Getting ready for Easter

Published 9:23 pm Wednesday, April 1, 2009

By By MaryClaire Foster
Easter is a time of celebration, which goes hand in hand with entertaining.
Whether it is a small gathering or a large party, there are many easy ways to prepare for all aspects of the holiday.
Joyce Petty, owner of Atmore florist, said adding bright colors to your decor gets you ready for both Easter and spring. Petty said there are also several easy ways to create centerpieces specifically for your Easter meal.
Petty said she got the plastic eggs for her centerpieces from craft-store Hobby Lobby and took them off of a string intended for a tree.
Trees with hanging eggs have become a popular accessory item for Easter decor. Petty recommended getting a branch tree and spray-painting it white, then hanging the eggs from it with fishing wire.
Another idea that is a little trendier is using pastel colored feather boas. The boas can be used on tables or as the main part of a wreath with decorated eggs.
You can also decorate your own eggs used in your decor.
PAAS Easter Eggs Dyes’ Web site, give directions and tips on the best way to begin decorating.
The first step in dyeing eggs is to prepare them either by boiling or emptying them. PAAS suggests using hard-boiled eggs for handling by young children, if you plan to hide them and if you want to eat them when you are done.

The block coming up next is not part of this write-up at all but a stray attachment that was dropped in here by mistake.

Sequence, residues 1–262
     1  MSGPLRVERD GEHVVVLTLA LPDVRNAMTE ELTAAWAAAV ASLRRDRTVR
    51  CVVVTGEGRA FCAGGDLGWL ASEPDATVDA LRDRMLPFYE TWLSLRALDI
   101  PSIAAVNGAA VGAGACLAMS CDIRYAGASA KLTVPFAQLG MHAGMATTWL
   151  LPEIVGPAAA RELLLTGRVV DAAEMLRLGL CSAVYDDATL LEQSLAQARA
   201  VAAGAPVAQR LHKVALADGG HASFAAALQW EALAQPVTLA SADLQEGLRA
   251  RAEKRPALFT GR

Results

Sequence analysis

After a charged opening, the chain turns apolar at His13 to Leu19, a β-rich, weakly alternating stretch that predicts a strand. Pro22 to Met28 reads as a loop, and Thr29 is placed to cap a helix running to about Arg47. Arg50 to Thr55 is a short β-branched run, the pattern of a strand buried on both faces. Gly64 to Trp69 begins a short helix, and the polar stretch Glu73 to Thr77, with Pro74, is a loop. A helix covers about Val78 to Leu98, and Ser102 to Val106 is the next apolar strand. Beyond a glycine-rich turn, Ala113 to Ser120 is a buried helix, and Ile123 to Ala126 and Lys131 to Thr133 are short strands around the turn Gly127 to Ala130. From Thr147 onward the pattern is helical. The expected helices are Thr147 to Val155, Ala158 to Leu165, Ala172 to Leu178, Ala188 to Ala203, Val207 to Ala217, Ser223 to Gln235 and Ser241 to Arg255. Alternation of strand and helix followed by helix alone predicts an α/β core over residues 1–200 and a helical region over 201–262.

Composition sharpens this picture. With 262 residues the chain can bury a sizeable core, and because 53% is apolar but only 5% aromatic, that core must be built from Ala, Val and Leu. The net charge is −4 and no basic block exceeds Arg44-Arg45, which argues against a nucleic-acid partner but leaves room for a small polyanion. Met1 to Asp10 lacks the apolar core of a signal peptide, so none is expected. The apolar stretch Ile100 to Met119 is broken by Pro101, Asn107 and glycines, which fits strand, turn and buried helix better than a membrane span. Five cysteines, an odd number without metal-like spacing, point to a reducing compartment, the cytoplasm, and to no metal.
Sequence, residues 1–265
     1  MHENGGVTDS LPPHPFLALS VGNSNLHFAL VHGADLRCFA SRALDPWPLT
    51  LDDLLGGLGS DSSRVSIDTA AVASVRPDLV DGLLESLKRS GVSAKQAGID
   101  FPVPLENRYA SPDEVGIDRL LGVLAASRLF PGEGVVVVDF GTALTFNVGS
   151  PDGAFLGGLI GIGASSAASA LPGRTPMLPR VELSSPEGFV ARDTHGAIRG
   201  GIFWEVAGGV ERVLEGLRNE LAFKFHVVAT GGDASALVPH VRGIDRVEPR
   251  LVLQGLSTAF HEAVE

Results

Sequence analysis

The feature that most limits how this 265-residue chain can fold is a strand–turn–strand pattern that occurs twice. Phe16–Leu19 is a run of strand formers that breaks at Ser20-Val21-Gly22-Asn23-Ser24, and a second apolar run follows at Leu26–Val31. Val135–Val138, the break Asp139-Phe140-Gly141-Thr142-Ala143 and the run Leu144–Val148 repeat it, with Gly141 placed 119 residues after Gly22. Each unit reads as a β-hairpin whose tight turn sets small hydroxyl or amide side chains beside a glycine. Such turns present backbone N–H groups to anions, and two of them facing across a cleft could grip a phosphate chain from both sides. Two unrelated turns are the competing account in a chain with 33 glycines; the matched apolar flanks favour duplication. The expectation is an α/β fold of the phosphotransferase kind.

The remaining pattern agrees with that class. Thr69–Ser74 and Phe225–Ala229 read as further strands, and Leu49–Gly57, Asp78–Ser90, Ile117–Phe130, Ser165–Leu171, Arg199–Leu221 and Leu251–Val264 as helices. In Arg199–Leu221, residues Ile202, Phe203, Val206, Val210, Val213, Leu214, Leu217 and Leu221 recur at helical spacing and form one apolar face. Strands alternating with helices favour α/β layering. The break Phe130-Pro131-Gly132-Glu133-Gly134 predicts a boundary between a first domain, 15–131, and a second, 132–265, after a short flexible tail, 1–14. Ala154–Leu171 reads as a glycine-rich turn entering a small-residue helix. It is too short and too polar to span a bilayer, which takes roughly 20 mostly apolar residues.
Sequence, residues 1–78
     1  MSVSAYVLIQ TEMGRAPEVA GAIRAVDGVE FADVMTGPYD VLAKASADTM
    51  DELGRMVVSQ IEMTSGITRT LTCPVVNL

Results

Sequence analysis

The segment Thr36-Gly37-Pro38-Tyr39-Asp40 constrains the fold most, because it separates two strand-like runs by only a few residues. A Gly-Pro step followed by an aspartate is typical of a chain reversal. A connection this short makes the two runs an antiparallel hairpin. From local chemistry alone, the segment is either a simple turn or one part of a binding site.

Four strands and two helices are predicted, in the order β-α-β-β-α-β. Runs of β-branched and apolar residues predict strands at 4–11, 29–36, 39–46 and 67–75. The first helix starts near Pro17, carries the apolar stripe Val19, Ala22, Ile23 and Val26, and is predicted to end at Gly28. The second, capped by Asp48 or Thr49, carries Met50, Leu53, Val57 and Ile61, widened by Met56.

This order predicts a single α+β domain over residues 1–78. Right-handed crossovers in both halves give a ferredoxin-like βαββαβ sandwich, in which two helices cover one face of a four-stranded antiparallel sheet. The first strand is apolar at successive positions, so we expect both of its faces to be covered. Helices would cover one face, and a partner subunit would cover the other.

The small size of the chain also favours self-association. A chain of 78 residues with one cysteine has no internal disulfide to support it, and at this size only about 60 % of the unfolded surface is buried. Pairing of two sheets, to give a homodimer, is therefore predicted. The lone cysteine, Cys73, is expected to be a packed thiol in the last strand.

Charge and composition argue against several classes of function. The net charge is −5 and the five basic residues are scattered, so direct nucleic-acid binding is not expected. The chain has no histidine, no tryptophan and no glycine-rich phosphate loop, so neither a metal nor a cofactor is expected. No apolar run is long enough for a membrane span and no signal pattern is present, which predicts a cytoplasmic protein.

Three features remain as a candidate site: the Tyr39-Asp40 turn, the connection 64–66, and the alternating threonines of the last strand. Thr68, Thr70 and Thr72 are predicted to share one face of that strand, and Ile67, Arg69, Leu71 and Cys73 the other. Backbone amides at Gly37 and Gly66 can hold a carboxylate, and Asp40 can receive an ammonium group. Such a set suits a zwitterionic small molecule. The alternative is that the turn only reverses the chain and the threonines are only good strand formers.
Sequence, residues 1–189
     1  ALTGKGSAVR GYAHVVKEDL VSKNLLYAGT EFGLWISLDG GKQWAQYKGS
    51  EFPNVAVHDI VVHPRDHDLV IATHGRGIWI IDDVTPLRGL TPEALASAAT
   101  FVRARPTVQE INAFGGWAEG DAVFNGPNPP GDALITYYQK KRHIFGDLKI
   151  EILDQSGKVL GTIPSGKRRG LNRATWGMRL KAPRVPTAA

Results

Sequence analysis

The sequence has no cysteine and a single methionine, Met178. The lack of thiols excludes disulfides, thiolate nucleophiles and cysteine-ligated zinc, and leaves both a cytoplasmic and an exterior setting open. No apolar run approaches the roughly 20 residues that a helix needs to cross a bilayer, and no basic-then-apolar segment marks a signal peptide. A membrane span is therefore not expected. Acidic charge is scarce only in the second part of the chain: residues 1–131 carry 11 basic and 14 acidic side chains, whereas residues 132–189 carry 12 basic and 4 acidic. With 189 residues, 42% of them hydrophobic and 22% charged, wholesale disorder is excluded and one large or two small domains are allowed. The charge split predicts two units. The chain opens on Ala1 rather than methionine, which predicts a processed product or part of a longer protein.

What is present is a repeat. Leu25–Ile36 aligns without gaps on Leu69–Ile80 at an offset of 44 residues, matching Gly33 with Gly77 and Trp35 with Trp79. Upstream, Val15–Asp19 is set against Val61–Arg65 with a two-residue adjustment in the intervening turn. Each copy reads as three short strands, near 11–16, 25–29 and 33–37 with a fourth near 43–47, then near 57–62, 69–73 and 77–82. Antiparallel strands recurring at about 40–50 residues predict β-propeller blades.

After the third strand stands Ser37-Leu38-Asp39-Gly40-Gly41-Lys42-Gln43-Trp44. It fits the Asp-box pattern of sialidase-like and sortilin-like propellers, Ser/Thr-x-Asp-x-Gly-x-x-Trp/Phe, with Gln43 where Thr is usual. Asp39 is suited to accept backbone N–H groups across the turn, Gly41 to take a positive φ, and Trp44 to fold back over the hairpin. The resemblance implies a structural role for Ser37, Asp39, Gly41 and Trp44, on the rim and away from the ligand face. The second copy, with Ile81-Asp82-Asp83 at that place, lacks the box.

To best boil an egg, according to PAAS, place eggs in a single layer saucepan with an inch of water covering them. Bring to a boil and turn off heat. Remove the pan if necessary from the heat source to prevent further boiling. Then let the eggs stand for 18 minutes for extra large eggs, 15 minutes for large eggs and 12 minutes for medium. Finish by cooling the eggs by submerging them in ice water or simply continually running it over them.
Adding vinegar to the water will prevent the whites from running out of cracked eggs and a teaspoon of salt will help prevent cracking and make them easier to peel.
To empty an egg, poke a hole about 1/4 inch across in the bottom of a raw egg and a smaller hole in the top of the egg. Break the yolk of the egg with a needle to more easily remove it. Blow into the smaller hole to remove the egg. Finish by rinsing out the shells and drying them.
Egg decorations run the gamut of simple to fancy and can be a fun, creative activity for children of all ages.
To add a some pizazz to your eggs, use glitter, rhinestones or a wax crayon to create designs.
Remember to only eat the eggs if the dyes are food safe.
Hard cooked eggs in the shell can be kept in the refrigerator for up to one week.
Easter, like many Christian holidays, owes many of its traditions to pagan origins.
According to, Easter egg decorating originated when they were given as gifts to celebrate the spring equinox. In Christian religion, the egg is seen as representative of the beginning of life and is therefore associated with the resurrection of Jesus Christ.

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